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Abuya v. Sessions

United States Court of Appeals, Eighth Circuit

October 17, 2017

Maxwell O. Abuya Petitioner
Jefferson B. Sessions, III, Attorney General Respondent

          Submitted: June 6, 2017

         Petition for Review of an Order of the Board of Immigration Appeals

          Before LOKEN, MURPHY, and MELLOY, Circuit Judges.

          LOKEN, Circuit Judge.

         Maxwell Onchonga Abuya, a citizen of Kenya, was admitted to the United States in December 2005 as a nonimmigrant student. He married April Maldonado, a United States citizen, in October 2006 and dropped out of school in 2007. In July 2007, Maldonado filed a Petition for Alien Relative, Form I-130, and Abuya filed an Application to Adjust Status, Form I-485. In August 2012, the Department of Homeland Security ("DHS") commenced removal proceedings, charging that Abuya (i) failed to maintain his status as a nonimmigrant student, see 8 U.S.C. § 1227(a)(1)(C)(i); and (ii) entered into a fraudulent marriage with the purpose of procuring adjustment of status, see §§ 1182(a)(6)(C)(i), and 1227(a)(1)(A). Abuya conceded the first charge but contested the second. After an evidentiary hearing, the immigration judge ("IJ") sustained both charges, and the Board of Immigration Appeals ("BIA") affirmed. Abuya petitions for review, arguing DHS failed to prove a fraudulent or sham marriage. The finding that Abuya entered into a marriage for the purpose of evading the immigration laws results in a lifetime bar on the approval of petitions for immigrant status on his behalf. See 8 U.S.C. § 1154(c). Therefore, we have jurisdiction to review his challenge to removability under § 1227(a)(1)(A), despite his concession that he is removable on another ground. See Nguyen v. Mukasey, 522 F.3d 853, 855 (8th Cir. 2008); Pauliukoniene v. Holder, 496 Fed.Appx. 657, 659-60 (7th Cir. 2012) (unpublished). We deny the petition for review.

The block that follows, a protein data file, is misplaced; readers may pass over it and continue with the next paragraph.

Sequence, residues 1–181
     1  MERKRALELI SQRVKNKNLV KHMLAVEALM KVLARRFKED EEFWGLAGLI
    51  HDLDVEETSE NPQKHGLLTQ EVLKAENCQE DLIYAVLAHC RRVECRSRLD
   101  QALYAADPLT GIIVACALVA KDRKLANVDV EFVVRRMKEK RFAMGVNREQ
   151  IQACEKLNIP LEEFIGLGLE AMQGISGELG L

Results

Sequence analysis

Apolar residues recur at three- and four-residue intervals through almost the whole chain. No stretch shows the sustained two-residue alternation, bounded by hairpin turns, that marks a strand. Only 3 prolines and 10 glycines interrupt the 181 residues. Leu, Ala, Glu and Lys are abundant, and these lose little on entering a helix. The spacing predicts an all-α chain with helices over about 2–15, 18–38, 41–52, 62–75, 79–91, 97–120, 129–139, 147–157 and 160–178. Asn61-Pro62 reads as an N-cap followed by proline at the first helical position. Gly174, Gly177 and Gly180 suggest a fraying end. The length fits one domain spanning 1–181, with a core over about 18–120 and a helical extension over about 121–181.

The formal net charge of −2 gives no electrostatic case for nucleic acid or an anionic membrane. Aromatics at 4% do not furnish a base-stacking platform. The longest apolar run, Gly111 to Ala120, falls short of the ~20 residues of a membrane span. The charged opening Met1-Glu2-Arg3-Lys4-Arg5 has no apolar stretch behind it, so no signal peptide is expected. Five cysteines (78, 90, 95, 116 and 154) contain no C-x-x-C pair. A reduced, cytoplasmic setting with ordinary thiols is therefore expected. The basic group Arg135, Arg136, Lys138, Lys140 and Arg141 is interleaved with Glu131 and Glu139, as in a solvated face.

In a removal proceeding, DHS has the burden to prove by "clear and convincing evidence" that an alien admitted to the United States is removable. 8 U.S.C. § 1229a(c)(3)(A). An alien is removable under § 1227(a)(1)(A) if he was inadmissible "at the time of entry or adjustment of status." An alien is inadmissible under § 1182(a)(6)(C)(i) if, "by fraud or willfully misrepresenting a material fact, [he sought] to procure . . . or has procured[] a visa, other documentation, or admission into the United States or other [immigration] benefit." Fraudulently misrepresenting that a marriage is bona fide to procure adjustment of status is a basis for removability. See Vladimirov v. Lynch, 805 F.3d 955, 961 (10th Cir. 2015). To prove Abuya was inadmissible on this ground, DHS must prove that Abuya and Maldonado did not intend "to establish a life together at the time they were married." Ibrahimi v. Holder, 566 F.3d 758, 764-65 (8th Cir. 2009) (quotation omitted).

         Whether Abuya's marriage to Maldonado was fraudulent is a question of fact. See Agyei v. Holder, 729 F.3d 6, 14 (1st Cir. 2013); Abdulahad v. Holder, 581 F.3d 290, 295 (6th Cir. 2009). When the issue is within our jurisdiction, such as in judicial review of a removal order, we review this finding under the deferential substantial evidence standard. See Wen Yuan Chan v. Lynch, 843 F.3d 539, 545 (1st Cir. 2016); 8 U.S.C. § 1252(b)(4)(B) ("administrative findings of fact are conclusive unless any reasonable adjudicator would be compelled to conclude to the contrary").[1] Though the couple's intent at the outset of the marriage is the relevant question, "[w]hen assessing the couple's intent, courts look to both the period before and after the marriage." Surganova v. Holder, 612 F.3d 901, 904 (7th Cir. 2010). "Evidence that the parties separated after their wedding is relevant in ascertaining whether they intended to establish a life together when they exchanged marriage vows." Matter of McKee, 17 I. & N. Dec. 332, 334-35 (1980).